While the incidence of colorectal cancer (CRC) has actually been stabilizing or decreasing in Canada, what many people do not know is that this disease, which is the second most common cause of cancer death in Canada is rising in people under the age of 50.

In fact, Canadians born after 1980 are 2 to 2.5 times more likely to be diagnosed with CRC before the age of 50 than previous generations at the same age and scientists are unsure as to why.

The paradox is that since the introduction of the publicly funded colorectal cancer screening programs across Canada, a significant decline in colorectal cancer rates has occurred for those who are eligible for screening: people 50 to 75 years of age with average risk. Screening with a net cast this wide works, as colon cancer is 90% treatable when caught early.

For those under 50, however, only those with risk factors or who display symptoms are offered screening. Talk to your doctor or nurse practitioner about screening if this is you.

Screening Step 1: The At-Home Fecal Immunochemical Test (FIT)

Participation in screening programs ranges from 20% – 51% across Canada: over half of eligible Canadians are missing out on a quick, painless, at-home test that could save their lives.

This test, the fecal immunochemical test, or FIT, is a non-invasive, simple screening tool that looks for hidden blood in your poop, which is typically offered when people don’t have major risk factors.

All provinces and territories offer this screening every 12 to 30 months at no charge – but only to people 50 to 75 years of age. You do not have to change your diet or stop taking medication to do the test.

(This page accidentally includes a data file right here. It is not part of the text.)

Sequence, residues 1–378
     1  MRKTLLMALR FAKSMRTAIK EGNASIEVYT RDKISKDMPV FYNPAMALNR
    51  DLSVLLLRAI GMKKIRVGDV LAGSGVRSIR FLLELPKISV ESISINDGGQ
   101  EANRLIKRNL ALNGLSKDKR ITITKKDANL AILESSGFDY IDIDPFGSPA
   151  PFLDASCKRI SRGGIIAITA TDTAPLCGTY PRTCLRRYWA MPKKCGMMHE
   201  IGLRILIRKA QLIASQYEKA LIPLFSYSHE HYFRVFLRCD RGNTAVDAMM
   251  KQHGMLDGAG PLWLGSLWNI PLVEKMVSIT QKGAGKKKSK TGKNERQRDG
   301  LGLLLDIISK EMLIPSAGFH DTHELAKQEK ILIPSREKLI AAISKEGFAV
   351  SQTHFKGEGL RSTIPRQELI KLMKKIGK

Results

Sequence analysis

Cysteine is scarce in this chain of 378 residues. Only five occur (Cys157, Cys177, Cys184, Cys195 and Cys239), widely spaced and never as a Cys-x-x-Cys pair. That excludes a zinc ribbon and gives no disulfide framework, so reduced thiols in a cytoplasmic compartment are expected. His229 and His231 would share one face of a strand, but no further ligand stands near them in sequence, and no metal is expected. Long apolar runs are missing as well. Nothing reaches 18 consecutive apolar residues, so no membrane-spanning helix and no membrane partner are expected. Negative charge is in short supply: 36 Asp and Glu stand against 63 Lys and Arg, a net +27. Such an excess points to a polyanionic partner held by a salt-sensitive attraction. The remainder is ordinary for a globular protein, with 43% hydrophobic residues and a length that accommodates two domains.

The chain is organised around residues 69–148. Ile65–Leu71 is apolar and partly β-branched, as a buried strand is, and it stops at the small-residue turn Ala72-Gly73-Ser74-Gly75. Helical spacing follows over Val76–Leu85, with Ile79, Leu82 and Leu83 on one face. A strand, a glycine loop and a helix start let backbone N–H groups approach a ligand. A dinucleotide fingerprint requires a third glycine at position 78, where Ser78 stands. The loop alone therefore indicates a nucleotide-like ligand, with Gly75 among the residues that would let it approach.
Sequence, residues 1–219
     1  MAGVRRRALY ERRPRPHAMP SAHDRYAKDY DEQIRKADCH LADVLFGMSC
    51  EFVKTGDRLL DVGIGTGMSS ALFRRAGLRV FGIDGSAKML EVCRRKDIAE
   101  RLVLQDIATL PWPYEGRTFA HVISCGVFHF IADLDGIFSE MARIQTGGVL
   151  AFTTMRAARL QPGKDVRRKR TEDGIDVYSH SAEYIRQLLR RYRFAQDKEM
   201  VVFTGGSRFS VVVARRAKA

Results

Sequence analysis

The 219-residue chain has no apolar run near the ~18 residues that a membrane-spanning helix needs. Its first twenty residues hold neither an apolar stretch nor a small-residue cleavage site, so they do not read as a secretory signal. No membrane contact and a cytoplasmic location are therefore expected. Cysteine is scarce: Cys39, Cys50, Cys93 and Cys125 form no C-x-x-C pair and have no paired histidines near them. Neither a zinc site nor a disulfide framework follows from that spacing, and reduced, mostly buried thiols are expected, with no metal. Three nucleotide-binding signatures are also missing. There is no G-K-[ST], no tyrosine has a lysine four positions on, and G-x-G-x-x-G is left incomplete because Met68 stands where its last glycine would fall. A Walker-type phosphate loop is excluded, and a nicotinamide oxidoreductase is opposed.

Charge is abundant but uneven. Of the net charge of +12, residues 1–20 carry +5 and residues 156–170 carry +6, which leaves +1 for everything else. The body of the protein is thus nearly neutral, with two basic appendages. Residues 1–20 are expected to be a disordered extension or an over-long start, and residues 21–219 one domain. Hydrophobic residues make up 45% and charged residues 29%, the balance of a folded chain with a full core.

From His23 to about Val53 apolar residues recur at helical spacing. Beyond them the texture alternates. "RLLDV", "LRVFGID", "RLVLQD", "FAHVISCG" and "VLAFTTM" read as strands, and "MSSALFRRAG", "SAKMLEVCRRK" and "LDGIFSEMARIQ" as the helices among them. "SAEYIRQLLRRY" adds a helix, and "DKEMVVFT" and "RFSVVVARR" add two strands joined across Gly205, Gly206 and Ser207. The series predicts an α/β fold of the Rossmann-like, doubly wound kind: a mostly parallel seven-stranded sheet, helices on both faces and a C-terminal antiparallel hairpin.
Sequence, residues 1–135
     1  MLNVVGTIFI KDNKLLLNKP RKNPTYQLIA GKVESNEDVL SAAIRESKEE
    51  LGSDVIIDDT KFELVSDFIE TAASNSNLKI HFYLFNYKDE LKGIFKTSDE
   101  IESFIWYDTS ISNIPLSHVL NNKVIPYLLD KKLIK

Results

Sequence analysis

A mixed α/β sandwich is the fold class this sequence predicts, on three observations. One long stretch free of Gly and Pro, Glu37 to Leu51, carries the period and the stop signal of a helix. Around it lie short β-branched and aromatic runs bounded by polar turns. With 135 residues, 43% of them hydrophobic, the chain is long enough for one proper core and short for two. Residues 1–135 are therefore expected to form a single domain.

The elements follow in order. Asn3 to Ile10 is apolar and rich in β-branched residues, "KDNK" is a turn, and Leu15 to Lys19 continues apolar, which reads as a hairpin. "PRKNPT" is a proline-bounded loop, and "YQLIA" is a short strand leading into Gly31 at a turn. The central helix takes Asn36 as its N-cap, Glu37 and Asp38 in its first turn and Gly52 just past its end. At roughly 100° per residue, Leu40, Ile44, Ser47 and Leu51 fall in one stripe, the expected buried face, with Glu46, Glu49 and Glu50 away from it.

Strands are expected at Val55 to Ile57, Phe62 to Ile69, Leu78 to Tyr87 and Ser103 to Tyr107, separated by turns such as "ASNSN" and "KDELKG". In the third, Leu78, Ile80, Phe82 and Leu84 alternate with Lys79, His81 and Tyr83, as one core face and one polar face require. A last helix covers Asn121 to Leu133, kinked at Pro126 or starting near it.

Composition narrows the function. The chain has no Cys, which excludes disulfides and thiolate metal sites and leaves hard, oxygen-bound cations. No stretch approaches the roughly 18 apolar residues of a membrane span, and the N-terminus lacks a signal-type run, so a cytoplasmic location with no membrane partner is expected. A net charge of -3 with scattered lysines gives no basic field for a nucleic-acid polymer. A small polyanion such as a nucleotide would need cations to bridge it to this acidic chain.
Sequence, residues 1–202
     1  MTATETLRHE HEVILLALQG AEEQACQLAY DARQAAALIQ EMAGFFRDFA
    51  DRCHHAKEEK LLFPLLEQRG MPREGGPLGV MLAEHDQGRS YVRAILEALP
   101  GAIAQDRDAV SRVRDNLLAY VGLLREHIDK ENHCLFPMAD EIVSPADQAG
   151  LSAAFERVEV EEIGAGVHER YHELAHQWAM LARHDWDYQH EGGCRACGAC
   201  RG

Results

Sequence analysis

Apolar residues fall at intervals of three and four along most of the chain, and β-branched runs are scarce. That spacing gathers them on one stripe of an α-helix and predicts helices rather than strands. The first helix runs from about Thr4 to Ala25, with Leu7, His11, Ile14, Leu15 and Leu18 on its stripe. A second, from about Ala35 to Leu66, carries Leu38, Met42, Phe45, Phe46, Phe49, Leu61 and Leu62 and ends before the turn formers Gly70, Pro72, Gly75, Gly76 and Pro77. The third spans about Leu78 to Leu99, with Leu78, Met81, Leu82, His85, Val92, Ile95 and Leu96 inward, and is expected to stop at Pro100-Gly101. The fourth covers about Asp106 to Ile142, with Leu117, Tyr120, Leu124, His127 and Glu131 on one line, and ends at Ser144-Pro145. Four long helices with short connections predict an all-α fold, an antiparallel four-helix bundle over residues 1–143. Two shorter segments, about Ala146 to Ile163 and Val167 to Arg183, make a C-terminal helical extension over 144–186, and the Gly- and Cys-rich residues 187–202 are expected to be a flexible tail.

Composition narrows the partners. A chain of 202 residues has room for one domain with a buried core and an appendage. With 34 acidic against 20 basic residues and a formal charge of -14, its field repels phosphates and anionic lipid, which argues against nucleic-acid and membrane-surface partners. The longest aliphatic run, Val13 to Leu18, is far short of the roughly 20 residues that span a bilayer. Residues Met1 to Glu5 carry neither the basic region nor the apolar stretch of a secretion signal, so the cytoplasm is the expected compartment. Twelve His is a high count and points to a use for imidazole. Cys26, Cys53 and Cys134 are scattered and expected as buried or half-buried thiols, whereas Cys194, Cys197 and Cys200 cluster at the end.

To get your free FIT, talk with your family doctor or nurse practitioner. If you do not have a doctor or nurse practitioner, you can get a FIT by contacting your provincial health authority.

Step 2 (If required): Colonoscopy

When people are at high risk, or are displaying symptoms of colorectal cancer, a colonoscopy is typically offered, whether an adult patient is under or over 50.

Two types of colonoscopies are available in Canada. The one most people are familiar with is the procedure in which the doctor examines your colon via a scope while you are anesthetized.

The other type is the virtual colonoscopy, which is much less invasive, safer, quicker, less expensive and done in an MRI or CT machine.

Both have advantages and disadvantages; talk with your doctor to determine which is right for you. Be aware however that virtual colonoscopies are not available in all clinics and are often not covered by provincial medicare.

It’s critical to know however that waiting any longer than 6 months for a colonoscopy after a positive FIT has a significant impact on clinical outcomes. Currently, the wait time for non-urgent, publicly offered colonoscopies in Canada is 33 to 160 days, depending on the province.

Colonoscopy Cost

The wait list in your province to get the procedure may be long or perhaps you prefer a virtual colonoscopy; therefore you may want to consider the option of paying out of pocket for the procedure.

It is possible to book colonoscopies in private clinics in Canada such as the Endovision Clinic in Montreal, usually without a referral from your doctor. Endovision claims no wait times, and same day results.

As of 2021, out-of-pocket colonoscopies are priced anywhere from $1500 to $3,000 and If polyps or other tissues need to be removed, additional fees may be charged. Confirm with the clinic as your individual needs may affect the pricing. Virtual colonoscopies are somewhat cheaper, coming in at about $700 to $1000 depending on the clinic.

Private insurance may cover colonoscopies. Check with your insurance provider to be sure.

What’s important to realize is that you have options. Regular and timely screening for colorectal cancer – whether through public screening initiatives or through a private clinic on your timeline – is something you will not regret.

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